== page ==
DER controller configuring and testing

Microgrid projects often need to integrate heterogeneous DERs from different manufacturers into a functional unit. Configuring and tuning inverters and gensets for a particular microgrid architecture can be a daunting task.

Controller Hardware in the Loop simulation where DER controllers are integrated into the testbed enable comfortable configuration and parameter tuning process, without the need to go into the field and perform full power tests.  The time and money savings when this is done in the comfort of an office with a desktop HIL interfaced to microgrid controller and DER controllers are tremendous. Even if particular controller hardware is not integrated into the testbed one can use controller models to tune and test a number of parameters that will be used as a solid starting point in the field.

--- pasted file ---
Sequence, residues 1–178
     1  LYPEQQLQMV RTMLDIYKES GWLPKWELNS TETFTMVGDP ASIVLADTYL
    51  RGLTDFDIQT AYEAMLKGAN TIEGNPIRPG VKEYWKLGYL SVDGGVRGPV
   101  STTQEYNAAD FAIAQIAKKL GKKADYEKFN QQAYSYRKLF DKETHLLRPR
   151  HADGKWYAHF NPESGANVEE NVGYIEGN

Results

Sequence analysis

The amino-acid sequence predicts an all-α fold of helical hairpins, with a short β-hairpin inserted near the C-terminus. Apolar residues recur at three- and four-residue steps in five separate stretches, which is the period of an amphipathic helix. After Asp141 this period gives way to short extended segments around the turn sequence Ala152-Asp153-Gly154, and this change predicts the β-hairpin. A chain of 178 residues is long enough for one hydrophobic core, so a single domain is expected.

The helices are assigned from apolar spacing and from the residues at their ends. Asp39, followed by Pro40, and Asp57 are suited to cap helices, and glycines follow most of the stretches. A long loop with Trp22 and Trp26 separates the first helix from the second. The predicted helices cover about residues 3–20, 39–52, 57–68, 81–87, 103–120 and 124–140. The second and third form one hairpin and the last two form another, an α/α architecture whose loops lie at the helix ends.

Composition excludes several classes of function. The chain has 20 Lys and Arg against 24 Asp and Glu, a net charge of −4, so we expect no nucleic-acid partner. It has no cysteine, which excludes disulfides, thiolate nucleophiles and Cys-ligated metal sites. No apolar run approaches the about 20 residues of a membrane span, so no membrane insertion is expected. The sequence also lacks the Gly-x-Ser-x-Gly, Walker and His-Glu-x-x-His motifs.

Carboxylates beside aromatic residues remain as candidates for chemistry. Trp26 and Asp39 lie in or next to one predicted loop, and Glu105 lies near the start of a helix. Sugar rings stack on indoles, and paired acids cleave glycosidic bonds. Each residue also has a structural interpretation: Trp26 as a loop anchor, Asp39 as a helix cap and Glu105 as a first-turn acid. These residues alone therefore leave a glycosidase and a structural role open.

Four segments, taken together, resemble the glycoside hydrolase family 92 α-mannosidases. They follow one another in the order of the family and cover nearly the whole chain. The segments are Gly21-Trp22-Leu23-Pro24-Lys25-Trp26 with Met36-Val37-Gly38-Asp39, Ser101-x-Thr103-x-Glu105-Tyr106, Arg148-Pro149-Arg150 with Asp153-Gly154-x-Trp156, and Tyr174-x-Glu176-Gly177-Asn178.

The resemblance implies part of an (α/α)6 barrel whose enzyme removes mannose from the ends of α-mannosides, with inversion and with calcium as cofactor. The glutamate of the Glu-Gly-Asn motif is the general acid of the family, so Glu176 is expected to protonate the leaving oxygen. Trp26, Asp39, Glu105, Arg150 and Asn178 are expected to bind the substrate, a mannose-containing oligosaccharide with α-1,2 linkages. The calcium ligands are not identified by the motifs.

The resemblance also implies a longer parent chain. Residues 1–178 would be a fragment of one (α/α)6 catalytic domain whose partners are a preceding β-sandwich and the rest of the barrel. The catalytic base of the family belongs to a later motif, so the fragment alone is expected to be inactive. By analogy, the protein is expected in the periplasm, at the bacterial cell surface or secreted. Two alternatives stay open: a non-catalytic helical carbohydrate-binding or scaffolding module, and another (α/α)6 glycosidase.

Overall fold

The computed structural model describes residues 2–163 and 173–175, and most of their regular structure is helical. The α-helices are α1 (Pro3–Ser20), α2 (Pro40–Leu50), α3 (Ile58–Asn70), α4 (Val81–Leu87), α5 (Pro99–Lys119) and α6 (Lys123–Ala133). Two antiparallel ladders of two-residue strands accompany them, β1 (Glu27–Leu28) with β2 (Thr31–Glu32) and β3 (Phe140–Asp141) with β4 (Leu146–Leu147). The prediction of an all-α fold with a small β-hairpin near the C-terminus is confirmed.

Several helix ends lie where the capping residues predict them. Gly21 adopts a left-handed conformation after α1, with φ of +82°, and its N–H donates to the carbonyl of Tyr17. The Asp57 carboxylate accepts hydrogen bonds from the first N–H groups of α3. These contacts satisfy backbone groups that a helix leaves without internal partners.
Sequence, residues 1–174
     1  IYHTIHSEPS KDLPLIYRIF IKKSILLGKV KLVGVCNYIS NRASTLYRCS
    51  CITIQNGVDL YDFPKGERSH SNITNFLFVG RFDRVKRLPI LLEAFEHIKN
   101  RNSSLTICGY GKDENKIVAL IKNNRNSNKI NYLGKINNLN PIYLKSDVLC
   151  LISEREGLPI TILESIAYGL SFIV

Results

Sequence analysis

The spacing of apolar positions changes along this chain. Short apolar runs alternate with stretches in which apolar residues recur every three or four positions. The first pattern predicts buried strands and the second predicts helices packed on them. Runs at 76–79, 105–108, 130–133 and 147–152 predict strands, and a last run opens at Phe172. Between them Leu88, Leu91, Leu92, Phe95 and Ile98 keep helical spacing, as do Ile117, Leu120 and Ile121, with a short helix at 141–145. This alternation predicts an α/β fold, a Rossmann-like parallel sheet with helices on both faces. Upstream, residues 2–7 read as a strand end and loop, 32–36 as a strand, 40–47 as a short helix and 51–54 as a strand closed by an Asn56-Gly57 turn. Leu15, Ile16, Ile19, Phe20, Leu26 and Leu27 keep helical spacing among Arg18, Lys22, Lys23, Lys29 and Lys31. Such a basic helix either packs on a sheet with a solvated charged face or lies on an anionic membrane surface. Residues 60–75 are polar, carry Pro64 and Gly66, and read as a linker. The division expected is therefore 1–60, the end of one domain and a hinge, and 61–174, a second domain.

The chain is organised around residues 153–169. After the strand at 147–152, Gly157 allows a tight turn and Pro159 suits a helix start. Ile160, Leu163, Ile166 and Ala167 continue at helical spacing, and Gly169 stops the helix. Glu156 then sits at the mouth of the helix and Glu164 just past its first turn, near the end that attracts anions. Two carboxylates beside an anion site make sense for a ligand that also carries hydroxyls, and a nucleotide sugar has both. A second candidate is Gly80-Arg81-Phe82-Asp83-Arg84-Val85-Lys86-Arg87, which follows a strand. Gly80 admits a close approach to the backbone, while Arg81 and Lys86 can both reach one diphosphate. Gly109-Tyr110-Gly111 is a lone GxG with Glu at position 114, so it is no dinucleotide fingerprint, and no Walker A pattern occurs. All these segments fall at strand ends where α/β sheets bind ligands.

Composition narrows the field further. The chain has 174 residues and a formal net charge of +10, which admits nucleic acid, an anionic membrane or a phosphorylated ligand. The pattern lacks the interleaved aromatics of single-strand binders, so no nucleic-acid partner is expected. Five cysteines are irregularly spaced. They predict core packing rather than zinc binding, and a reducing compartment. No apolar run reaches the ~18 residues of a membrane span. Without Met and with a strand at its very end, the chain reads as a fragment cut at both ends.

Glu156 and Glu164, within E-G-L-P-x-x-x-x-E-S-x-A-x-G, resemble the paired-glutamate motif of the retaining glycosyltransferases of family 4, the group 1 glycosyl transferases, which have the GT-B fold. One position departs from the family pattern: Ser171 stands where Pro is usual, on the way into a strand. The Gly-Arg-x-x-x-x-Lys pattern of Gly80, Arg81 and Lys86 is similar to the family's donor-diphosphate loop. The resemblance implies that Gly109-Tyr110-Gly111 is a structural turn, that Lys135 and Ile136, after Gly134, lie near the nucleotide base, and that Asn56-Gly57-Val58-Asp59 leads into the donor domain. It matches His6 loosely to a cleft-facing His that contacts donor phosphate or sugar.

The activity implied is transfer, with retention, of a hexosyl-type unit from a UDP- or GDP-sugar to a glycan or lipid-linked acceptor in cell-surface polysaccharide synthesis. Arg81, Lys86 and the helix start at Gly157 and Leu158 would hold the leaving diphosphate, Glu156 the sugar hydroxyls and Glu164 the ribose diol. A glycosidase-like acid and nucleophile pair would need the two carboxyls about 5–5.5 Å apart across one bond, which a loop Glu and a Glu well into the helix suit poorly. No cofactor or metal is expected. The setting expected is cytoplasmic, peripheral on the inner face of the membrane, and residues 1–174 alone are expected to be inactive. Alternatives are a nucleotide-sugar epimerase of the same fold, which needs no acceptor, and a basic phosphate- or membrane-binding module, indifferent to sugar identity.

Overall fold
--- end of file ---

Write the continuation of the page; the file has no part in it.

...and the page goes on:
Power quality and system stability in islanded mode

While microgrid controls in grid-tied operation is challenging, the real test of microgrid controller capabilities is its ability to seamlessly transition from grid-tied to islanded mode and back, and its ability to provide power quality including tight frequency and voltage control. Furthermore, islanded operation is paramount.

Certification of microgrid controllers

While Controller Hardware in the Loop (HIL) pre-certification of inverter based DERs (solar and wind) is burgeoning, microgrid testing is still in its infancy.  In addition, microgrid standardization is in its infancy. IEEE1547.4 is starting to outline good practices and hopefully new revision of IEEE1547 will cover more microgrid standardization the field is still largely uncharted.

The emerging standards for microgrids will require LVRT/HVRT, LFRT/HFRT and grid support functions, similar to DERs, and the only way to systematically test these will be with cHIL. Field testing, for all different microgrid configurations at MegaWatt power levels is just not an option.  Controller Hardware in the Loop will become irreplaceable tool for testing and certification of Microgrids.

 

 

Watch the webinar now Inverter pre-certification for grid codes

 

Topics: Microgrids